Thousands of people have been killed or harmed in the earthquakes in Turkey and Syria. In addition, millions of people, especially people in those countries, began to experience negative emotions such as sadness, fear, anxiety, stress and uncertainty.
First of all, we would like to express our deep sorrow and hope that the wounds will be healed as soon as possible. This tragic incident in Turkey and Syria can occur anywhere in the world at any time. Sometimes an earthquake or a hurricane, sometimes a terrorist attack….. Unfortunately, earthlings often experience these disasters when they least expect them.
Experts warn that extreme weather events, accelerated by the impact of the climate crisis, will be experienced much more in the future.
Do you think it makes sense to talk about working or employee engagement in a disaster like this? We hear you say no. And you are right. But the continuity of life is also very important to heal the wounds of disasters.
It is possible to continue without disregarding the human, human feelings and concerns. Experts agree on a few points: “Be compassionate, get out of the focus of work, stay in the focus of emotion, and remember that people may have been harmed even if they are not exposed to disaster.”
Morneau Shepell’s study titled Supporting employees during and after a natural disaster includes the following information:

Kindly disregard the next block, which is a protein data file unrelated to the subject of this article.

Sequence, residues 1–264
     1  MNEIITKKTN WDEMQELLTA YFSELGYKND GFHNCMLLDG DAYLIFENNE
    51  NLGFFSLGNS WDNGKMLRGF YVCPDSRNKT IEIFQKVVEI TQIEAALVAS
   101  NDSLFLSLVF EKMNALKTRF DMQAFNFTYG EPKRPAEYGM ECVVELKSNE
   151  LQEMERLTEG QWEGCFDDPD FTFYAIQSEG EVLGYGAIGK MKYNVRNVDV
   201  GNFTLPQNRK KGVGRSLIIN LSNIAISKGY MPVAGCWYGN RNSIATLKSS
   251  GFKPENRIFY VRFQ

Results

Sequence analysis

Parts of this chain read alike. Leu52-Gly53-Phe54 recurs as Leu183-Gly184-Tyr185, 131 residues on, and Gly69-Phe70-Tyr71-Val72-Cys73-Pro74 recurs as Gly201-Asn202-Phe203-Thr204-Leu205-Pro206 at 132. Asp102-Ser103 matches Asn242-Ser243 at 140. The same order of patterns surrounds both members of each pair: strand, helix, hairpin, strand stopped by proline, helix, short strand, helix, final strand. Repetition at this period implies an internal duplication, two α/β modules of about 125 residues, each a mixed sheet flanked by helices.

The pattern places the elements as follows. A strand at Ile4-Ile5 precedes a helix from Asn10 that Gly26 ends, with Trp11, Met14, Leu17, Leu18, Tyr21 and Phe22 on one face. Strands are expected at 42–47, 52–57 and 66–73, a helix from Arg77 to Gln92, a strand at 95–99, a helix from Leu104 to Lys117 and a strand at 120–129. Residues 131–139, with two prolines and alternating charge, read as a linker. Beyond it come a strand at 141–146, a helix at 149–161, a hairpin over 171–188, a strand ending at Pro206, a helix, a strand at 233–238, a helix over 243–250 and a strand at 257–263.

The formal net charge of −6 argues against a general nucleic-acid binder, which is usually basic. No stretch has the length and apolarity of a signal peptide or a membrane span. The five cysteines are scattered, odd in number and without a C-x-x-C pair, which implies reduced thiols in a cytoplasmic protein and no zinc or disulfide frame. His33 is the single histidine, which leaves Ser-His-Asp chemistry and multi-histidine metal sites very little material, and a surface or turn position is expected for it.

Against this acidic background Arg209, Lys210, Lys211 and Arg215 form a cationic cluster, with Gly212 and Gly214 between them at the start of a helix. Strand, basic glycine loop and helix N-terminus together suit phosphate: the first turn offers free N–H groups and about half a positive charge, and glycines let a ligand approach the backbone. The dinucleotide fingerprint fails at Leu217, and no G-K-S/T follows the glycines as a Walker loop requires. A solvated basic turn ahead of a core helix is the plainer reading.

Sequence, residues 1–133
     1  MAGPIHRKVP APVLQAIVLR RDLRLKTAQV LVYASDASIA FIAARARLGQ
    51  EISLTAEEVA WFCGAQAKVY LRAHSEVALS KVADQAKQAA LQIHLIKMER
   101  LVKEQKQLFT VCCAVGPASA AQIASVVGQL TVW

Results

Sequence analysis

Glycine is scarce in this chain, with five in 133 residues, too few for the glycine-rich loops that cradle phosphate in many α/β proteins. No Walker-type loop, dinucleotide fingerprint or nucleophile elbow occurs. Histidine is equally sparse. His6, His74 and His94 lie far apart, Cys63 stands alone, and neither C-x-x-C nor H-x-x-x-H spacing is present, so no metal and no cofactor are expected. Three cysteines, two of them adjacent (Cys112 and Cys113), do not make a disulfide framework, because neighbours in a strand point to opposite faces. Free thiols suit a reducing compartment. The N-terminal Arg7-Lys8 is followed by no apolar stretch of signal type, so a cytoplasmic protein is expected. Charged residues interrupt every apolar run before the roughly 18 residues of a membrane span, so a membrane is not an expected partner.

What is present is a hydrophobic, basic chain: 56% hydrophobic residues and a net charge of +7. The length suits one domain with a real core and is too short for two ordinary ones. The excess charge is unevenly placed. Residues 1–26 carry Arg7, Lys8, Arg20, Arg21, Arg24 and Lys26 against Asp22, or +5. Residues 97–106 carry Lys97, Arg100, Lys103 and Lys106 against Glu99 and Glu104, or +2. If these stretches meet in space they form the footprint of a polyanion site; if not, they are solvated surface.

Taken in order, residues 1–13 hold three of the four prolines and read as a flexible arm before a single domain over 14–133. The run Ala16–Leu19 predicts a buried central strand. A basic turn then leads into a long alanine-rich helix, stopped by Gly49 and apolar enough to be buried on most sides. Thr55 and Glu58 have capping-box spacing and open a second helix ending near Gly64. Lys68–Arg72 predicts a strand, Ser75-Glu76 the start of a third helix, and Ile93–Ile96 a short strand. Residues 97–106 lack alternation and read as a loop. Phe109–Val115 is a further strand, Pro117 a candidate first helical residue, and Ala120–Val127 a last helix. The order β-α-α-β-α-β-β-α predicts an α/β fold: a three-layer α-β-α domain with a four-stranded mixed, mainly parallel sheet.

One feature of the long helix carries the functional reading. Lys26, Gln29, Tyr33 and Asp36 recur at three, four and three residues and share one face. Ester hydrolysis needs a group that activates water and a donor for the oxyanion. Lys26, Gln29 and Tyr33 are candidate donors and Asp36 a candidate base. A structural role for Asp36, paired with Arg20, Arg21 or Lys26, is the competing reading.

How managers can support employees
Disasters are strongly related to a loss of control and influence over what is happening. Therefore, a primary consideration for managers is to provide a supportive environment in which control, confidence and competence can be regained. It is helpful to:
- Acknowledge employees’ concerns in a respectful and non-intrusive manner.
- Feel free to acknowledge some of your own concerns and reactions to the crisis.
- Recognise and acknowledge, in a non-judgmental way, that employees may have different emotions, attitudes and opinions related to this situation.
- Remind employees that they each have a very unique and resourceful way of coping with stressful events and to continue to draw on their natural resilience.
- Urge employees to reach out to people they feel close to.
- Inform staff experiencing anxiety that these feelings may vary from day to day and may be different than the feelings and thoughts of those around them.
- Prompt employees to focus their attention on matters over which they have influence.
- Demonstrate that you are as concerned about your employees as you are about work objectives.
- Address critical changes in performance in a timely, clear manner while conveying understanding of anxiety and stress for employees.
- Provide information regarding your EAP and other resources to support employee concerns.